NASA plans to retire the International Space Station at the end of 2030 and crash it into the Pacific Ocean in an area called Point Nemo, according to a NASA press release.

After three decades, a private sector will be taking over operations in future space travel and NASA will continue to support the transition. 

“The private sector is technically and financially capable of developing and operating commercial low-Earth orbit destinations, with NASA’s assistance. We look forward to sharing our lessons learned and operations experience with the private sector to help them develop safe, reliable, and cost-effective destinations in space,” Phil McAlister, director of commercial space at NASA Headquarters, said in the release. 

The extension of operations at the space station until 2030 was backed by the Biden administration and the station is “busier than ever” conducting experiments for government agencies and advancing technologies to send the first woman and first person of color to the moon, and the first humans to Mars.

“The International Space Station is entering its third and most productive decade as a groundbreaking scientific platform in microgravity,” Robyn Gatens, director of the space station at NASA Headquarters, said in the release.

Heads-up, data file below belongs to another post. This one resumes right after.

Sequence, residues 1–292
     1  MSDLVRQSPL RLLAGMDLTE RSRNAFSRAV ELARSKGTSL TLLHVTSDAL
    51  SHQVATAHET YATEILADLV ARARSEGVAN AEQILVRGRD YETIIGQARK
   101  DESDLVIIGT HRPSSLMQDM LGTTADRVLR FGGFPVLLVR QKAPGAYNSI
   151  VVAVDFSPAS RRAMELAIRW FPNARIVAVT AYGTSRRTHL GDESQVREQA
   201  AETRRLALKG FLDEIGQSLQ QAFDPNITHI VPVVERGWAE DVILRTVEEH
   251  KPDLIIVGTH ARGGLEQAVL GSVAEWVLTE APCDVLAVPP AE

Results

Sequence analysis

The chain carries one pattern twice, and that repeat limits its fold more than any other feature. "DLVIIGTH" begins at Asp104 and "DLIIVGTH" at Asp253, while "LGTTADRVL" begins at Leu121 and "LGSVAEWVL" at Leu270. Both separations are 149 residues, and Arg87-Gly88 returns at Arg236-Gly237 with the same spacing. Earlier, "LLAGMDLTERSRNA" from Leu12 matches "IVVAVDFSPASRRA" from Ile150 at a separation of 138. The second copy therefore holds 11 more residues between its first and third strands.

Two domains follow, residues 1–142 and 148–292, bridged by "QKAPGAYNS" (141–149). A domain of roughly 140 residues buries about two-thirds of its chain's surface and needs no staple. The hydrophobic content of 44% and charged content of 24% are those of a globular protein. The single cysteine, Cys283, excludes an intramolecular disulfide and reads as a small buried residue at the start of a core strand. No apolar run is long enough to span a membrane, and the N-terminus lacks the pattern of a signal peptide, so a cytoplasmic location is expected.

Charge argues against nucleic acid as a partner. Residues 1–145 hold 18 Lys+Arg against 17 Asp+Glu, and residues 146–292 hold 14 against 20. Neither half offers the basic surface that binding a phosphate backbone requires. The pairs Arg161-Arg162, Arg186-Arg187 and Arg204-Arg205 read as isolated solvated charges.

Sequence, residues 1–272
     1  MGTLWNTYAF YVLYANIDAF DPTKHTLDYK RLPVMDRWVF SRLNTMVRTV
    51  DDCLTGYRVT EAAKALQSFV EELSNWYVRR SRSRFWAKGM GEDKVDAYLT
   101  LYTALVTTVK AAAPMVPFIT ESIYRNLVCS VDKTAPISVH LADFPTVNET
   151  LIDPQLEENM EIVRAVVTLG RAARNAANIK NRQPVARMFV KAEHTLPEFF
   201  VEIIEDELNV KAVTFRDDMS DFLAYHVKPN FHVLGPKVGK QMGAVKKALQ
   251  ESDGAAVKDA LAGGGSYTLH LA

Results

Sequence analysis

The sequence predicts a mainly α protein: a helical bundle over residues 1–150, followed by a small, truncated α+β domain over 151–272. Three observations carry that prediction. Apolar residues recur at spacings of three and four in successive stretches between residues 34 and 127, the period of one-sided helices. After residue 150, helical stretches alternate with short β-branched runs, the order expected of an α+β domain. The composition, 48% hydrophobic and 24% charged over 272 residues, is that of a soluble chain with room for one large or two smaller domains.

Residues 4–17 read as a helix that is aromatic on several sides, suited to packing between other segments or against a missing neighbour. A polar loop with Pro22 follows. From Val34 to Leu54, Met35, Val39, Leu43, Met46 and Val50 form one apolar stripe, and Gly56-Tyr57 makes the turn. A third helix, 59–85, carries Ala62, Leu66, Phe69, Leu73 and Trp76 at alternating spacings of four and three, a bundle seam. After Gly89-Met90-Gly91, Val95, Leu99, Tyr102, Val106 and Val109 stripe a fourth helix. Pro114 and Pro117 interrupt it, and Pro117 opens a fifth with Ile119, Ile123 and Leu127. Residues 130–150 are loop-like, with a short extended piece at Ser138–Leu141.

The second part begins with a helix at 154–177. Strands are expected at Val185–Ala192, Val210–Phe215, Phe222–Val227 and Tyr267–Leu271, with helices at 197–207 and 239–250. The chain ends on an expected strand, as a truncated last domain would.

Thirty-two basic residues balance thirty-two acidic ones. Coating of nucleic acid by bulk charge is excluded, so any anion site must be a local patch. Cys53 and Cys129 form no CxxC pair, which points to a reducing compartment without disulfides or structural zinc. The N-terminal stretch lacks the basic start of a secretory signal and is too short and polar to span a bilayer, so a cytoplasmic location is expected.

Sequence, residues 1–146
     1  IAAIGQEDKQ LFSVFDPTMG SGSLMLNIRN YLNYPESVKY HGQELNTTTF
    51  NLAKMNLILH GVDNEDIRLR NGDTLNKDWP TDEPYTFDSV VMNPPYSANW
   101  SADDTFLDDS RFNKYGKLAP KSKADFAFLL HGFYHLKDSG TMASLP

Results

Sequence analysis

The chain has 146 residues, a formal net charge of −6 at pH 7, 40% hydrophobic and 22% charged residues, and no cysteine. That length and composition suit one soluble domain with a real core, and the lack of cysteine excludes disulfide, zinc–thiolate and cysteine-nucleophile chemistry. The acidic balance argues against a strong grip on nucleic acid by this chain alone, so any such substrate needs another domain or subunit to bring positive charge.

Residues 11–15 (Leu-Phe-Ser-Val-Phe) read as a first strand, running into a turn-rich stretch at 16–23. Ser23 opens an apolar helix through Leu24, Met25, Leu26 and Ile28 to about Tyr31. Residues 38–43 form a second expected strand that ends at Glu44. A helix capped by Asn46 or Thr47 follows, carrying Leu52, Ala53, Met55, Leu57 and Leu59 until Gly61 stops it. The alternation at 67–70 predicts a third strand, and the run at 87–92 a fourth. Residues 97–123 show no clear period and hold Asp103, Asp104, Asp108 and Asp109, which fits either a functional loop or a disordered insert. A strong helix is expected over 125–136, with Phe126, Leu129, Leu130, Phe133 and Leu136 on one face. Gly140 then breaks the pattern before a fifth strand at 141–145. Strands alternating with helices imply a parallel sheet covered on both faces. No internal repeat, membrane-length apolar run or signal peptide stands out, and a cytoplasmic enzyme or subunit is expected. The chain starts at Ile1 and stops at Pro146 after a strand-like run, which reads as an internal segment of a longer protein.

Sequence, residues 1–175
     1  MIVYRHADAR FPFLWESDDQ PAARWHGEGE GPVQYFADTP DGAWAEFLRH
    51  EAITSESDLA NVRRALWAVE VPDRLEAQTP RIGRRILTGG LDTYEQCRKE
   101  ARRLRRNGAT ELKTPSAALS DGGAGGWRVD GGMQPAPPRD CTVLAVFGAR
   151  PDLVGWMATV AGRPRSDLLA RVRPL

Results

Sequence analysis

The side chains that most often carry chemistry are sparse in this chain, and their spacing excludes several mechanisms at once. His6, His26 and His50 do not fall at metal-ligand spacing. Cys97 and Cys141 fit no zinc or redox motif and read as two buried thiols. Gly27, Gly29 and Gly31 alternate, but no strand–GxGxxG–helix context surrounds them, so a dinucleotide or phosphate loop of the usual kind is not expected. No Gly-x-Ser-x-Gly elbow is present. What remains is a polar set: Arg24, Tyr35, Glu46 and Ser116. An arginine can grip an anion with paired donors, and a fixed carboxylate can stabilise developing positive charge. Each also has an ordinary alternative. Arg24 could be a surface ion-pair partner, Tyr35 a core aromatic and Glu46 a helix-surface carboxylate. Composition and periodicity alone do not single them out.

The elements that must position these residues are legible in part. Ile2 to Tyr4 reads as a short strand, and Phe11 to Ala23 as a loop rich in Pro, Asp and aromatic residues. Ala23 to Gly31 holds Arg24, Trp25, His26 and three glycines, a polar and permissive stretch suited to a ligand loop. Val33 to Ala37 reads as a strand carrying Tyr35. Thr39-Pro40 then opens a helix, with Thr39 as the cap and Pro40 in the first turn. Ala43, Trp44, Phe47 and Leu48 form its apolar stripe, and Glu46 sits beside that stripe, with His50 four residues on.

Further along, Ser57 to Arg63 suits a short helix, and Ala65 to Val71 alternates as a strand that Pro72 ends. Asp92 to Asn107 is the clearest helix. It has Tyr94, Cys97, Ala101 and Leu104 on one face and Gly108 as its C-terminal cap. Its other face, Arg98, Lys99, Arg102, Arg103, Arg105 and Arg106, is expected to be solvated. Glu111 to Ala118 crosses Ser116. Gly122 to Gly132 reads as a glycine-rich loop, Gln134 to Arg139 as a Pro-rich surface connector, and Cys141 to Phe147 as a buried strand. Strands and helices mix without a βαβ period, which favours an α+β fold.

The space station first launched in November 1998 and has orbited the Earth over 100,000 times. In October 2026, the spacecraft will begin its journey back toward Earth and crash at Point Nemo in January 2031, according to the transition report attached to the release. 

A goal outlined in the transition report is to engage a diverse group of students to create a future diverse space workforce.

“Today’s youth are tomorrow’s scientists, engineers, and researchers,” NASA said. “It is thus crucial to our nation and NASA’s efforts to maintain the interest and curiosity of today’s students so they continue to be inspired by and participate in the wide scope of space exploration roles.”

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One thought on “NASA’s International Space Station May Crash Into Pacific Ocean In 2031”
  1. Why not give it a boost or a tow it out to a further orbit? Why anyway do orbits disintegrate and the moon does not, or does it too get closer to a crash?

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